A few days later, during my check-up, the doctor was smiling at me when he had a look at my scans. No, the results weren't pretty: I had bone marrow oedema and multiple linear fractures on the distal radius (the long bone that's on the same side as the thumb). That explained the swelling but not why my doctor was smiling. He eventually explained that bones are not displaced (whew!) and that the radius heals faster than ligaments. He expected that I'd be recovered in a matter of weeks (bone fracture) rather than months (ligament injury).

This development has implications for me. One, with my hand is still in a wrist brace, I have limited mobility with it (i.e., I cannot grip pens, knives, or any other small object). Two, I need to continue writing with my right hand. Three, I'm benched this wakeboarding season, or until the doctor allows me to return to play. Four, no driving to the malls... or anywhere with challenging parking spaces. 

Oh well. It could always have been worse.

Sunday, March 8, 2015

Kingsman (2014)

James Bond, Austin Powers, and Ethan Hunt, movie over. There's a new secret agent in town and he's also in a bespoke suit. He is code-named after one of the knights of Arthur's round table and he's a perfect gentleman. Kingsman, that's what he is, after all.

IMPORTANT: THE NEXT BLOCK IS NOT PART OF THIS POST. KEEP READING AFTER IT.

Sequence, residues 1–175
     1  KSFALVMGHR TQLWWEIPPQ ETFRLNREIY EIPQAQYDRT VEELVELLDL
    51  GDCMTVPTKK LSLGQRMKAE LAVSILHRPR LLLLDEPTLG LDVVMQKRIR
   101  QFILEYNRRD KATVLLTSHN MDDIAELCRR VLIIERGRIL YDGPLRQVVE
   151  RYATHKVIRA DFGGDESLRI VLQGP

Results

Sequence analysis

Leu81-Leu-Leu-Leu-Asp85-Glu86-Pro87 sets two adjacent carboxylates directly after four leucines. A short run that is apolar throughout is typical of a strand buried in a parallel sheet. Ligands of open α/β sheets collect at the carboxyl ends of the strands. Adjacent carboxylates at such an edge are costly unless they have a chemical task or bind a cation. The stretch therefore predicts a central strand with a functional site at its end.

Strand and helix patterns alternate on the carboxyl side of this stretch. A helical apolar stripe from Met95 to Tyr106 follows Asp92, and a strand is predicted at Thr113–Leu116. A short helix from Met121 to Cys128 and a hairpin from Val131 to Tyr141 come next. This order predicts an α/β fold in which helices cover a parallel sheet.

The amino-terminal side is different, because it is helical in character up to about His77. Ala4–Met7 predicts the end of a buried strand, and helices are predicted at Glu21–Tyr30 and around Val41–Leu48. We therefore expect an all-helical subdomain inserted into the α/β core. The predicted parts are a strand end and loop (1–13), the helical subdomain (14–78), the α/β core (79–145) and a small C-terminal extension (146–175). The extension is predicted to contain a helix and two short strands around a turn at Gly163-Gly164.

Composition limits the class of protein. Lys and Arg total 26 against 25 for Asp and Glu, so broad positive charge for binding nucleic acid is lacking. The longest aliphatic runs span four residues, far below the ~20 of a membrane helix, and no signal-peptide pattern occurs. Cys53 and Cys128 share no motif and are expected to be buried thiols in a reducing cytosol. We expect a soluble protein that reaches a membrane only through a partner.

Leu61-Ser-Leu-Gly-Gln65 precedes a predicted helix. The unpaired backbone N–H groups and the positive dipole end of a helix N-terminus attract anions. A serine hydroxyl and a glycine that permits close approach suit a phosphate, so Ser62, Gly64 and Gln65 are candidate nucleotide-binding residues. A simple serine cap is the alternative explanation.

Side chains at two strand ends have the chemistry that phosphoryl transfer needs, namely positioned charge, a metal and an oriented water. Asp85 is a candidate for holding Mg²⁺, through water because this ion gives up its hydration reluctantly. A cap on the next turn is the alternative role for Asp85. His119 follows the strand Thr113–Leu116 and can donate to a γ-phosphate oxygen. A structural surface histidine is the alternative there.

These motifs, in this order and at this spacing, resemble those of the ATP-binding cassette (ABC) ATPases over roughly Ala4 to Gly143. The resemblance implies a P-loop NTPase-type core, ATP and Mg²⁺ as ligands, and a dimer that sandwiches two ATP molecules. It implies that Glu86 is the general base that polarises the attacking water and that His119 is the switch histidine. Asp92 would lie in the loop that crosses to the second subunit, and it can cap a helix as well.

The Kingsmen are part of a top-secret organisation; so top-secret that even government intelligence agencies apparently didn't know of them. Their weapons include guns, lighters, and the gentleman's walking cane and oxfords. They communicate with each other remotely through their eyeglasses. They are masters of fighting skills.

When a Kingsman dies, the round table isn't complete and so training a replacement commences. And what a physically and mentally difficult and seemingly deadly training course it is. At the end of the course, only one becomes a new Kingsman but the second runner-up could take home his very own bespoke suit. What a consolation prize, right?

In the movie, the Kingsmen had a new antagonist to stop: a crazed telecommunication mogul who wanted to kill off the majority of the human race through inducing deadly brawls via cellphone mind control. He was utterly crazy. People who didn't agree to his terms on giving away his technology (he gave away SIM cards) were imprisoned in some cave...yes, even princesses were treated that way. Those who agreed to participate in his mad fantasy were gathered together to watch the world burn (borrowing Alfred's words in The Dark Knight). 

Of course the Kingsmen prevailed, but not without the help of second runner-up Eggsy, who used his streetsmarts as an advantage over the exclusive school-educated new Kings(wo)man. As a team, the Kingsmen disrupted telecommunications through computer hacking, flying to outer space to destroy a satellite, and good old martial arts. Hilarity ensued as heads, with microchips planted in them, exploded into colourful mushroom clouds to the beat of the music.

And yes, Eggsy got to save the princess too.

I was expecting something else from the movie... Maybe a more serious take on spy movies? After all, Samuel L. Jackson, Colin Firth, Michael Caine, and Mark Strong topbilled the movie. But the comedic take, though unexpected, caught me in pleasant surprise. I was chuckling my way through the last part of the movie. 

Sunday, March 1, 2015

road trip, the Korean edition!